Friday, December 3, 2010

Intemperate zones

Because I grew up in the New York City-centric tri-state area, the seasonal weather patterns of that particular geographical situation are what I will forever consider normal. I’m just barely mature enough now to realize that everyone else has their own version of normal, based on what they themselves grew up with. So even though notions like warm summers with occasional spikes of extreme heat, and variable autumns, and cold winters with a few snowfalls and a blizzard every so many years, and rainy but gradually warming springs all sounds, to my ears, like some kind of thoroughly standardized rational baseline, it’s really just what I was exposed to when I was too young to know any better than to consider my experiences emblematic of universal truths.

Another thing I was admittedly simple-minded about when I was a kid was the way that latitude affects average temperatures. I knew that the arctic was cold year-round and the equator was hot, and Florida was close enough to the equator to make a really nice getaway in February. Somehow I came to believe that there was just this pronounced gradient as you moved up or down the east coast, so points north in New England and Canada must have cooler summers than NYC and much harsher winters, while the southern states would correspondingly have milder winters and more sweltering summers. All of which is kind of true in the broad strokes, but I basically believed that on any given day any time of year, whatever the weather was in central New Jersey, it must be ten degrees colder a couple hundred miles north and ten degrees warmer a couple hundred miles south in a logical geometric progression. This irrationality was semi-consciously part of the reason why I decided to go to college in Virginia, because I’m not all that fond of ice-cold winters, and I was fairly bummed to learn that Virginia still gets snow and sleet and sub-zero days and all that. (I have since gotten over it.) I also was apparently incapable of wrapping my younger head around the relative sizes of states, which led to formulations like this: three states lie between New York and Virginia (NJ, DE, MD) and three states lie between Virginia and Florida (NC, SC, GA) so Virginia must be a nice happy medium exactly halfway between New York and Florida, weather-wise, right?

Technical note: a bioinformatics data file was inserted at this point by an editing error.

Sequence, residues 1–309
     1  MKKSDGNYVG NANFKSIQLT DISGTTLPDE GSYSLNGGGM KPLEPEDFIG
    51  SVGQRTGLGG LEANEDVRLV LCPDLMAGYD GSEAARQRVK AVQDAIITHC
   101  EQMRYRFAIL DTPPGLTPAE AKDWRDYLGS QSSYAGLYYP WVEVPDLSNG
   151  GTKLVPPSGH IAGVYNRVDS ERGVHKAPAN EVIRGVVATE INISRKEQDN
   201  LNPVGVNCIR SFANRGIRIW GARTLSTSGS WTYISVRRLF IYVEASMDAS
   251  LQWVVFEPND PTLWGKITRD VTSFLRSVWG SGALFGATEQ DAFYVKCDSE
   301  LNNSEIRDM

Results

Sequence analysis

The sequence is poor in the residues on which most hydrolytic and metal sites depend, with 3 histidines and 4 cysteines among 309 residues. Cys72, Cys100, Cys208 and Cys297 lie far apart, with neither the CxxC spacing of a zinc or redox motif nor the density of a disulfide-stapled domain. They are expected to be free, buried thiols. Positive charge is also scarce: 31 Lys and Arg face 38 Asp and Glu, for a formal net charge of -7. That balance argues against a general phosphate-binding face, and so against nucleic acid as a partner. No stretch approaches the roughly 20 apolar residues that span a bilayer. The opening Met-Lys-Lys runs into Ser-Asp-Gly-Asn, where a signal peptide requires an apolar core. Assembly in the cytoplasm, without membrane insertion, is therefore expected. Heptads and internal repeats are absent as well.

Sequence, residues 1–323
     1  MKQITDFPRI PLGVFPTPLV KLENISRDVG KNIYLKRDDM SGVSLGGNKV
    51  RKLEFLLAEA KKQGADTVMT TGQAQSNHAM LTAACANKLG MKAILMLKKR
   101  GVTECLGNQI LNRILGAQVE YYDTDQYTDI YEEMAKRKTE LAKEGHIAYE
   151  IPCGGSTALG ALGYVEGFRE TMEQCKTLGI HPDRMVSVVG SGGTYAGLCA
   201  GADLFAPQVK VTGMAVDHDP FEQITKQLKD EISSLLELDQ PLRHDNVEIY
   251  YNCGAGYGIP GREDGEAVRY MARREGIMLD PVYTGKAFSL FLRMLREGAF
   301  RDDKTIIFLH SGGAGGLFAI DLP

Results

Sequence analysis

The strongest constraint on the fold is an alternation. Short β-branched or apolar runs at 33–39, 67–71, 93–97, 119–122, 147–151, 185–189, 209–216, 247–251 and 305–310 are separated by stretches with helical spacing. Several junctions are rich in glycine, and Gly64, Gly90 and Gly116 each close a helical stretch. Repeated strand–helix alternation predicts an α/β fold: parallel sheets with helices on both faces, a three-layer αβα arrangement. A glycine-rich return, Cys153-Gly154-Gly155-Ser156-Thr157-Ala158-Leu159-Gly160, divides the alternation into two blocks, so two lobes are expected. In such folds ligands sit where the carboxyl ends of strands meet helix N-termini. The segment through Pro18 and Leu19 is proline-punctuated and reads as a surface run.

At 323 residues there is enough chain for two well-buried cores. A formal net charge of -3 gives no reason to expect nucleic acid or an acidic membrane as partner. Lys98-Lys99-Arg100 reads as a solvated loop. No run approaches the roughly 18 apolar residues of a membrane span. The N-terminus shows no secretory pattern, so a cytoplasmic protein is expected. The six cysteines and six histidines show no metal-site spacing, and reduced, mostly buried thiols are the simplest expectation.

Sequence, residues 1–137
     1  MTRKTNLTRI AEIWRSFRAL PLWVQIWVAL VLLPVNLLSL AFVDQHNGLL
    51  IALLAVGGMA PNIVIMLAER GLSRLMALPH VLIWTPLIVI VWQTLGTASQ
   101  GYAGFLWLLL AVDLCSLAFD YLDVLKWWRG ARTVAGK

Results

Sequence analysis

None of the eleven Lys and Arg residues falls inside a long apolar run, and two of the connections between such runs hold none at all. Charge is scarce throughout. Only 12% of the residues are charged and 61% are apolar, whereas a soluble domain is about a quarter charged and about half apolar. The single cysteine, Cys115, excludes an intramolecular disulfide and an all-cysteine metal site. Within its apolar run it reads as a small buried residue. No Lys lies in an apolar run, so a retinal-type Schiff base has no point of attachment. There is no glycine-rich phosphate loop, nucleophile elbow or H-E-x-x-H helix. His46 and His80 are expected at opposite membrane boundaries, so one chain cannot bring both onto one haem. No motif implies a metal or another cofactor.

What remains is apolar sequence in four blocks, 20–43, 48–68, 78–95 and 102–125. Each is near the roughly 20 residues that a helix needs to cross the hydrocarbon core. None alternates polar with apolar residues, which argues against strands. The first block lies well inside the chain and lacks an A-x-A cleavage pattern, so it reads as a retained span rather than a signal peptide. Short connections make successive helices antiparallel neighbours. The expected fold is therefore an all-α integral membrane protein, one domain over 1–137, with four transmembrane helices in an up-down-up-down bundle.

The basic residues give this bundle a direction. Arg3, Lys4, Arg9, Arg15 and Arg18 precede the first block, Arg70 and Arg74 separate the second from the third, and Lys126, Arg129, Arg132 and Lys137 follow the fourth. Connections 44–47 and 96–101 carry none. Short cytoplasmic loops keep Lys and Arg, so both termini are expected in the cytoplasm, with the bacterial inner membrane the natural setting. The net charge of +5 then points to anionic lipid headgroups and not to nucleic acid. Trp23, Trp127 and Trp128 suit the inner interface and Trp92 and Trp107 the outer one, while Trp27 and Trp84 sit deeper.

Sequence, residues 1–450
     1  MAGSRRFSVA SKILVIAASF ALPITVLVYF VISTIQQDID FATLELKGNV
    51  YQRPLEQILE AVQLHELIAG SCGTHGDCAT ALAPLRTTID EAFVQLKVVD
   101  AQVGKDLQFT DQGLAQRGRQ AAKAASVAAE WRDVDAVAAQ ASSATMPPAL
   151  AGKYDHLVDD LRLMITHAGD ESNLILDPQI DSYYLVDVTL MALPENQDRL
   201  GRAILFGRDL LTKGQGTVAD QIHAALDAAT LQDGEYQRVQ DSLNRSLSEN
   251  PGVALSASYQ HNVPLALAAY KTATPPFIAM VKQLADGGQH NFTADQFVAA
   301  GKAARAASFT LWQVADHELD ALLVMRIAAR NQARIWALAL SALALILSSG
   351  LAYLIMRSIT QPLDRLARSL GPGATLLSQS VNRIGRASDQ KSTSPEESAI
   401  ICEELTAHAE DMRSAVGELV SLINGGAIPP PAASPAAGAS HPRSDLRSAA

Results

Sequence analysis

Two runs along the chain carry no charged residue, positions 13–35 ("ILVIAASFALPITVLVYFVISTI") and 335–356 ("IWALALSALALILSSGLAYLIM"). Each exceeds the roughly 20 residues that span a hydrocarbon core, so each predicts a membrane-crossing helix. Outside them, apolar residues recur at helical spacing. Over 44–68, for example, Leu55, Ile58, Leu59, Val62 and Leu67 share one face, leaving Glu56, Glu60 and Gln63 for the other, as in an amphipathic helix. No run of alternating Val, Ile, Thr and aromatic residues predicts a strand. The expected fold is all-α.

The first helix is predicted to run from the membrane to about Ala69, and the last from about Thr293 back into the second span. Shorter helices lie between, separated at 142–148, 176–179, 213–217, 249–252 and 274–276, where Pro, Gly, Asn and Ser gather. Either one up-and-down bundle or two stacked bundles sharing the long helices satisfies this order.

Not that any of this is horrifically warped, really, since we all start out uninformed and capable of convincing ourselves of “facts” based on fallacies and wild misconceptions, and sometimes only actual life experience can disabuse us of them. What strikes me as funny is how some kind of primacy effect allows these absurd wide-eyed notions to hang around basically forever. This is all top of mind because they’re calling for snow in the Carolinas this weekend, and upon hearing that my initial response was the same old dissonance, the “How can it snow south of here before it snows here?” as if I’d never before encountered the idea that weather patterns have irregular shapes more often than not and move with utter disregard for the ladder rungs I see in my mental east coast map (as drawn by an eight year old).

And apropos of virtually nothing, except the arrival of December and snow reports in general and my geekiness in particular, my Very Little Bro sent me this picture this morning:

Aren't you a little short for a snowflake?  Wait, dang, that doesn't even make sense.
I really can’t top that.

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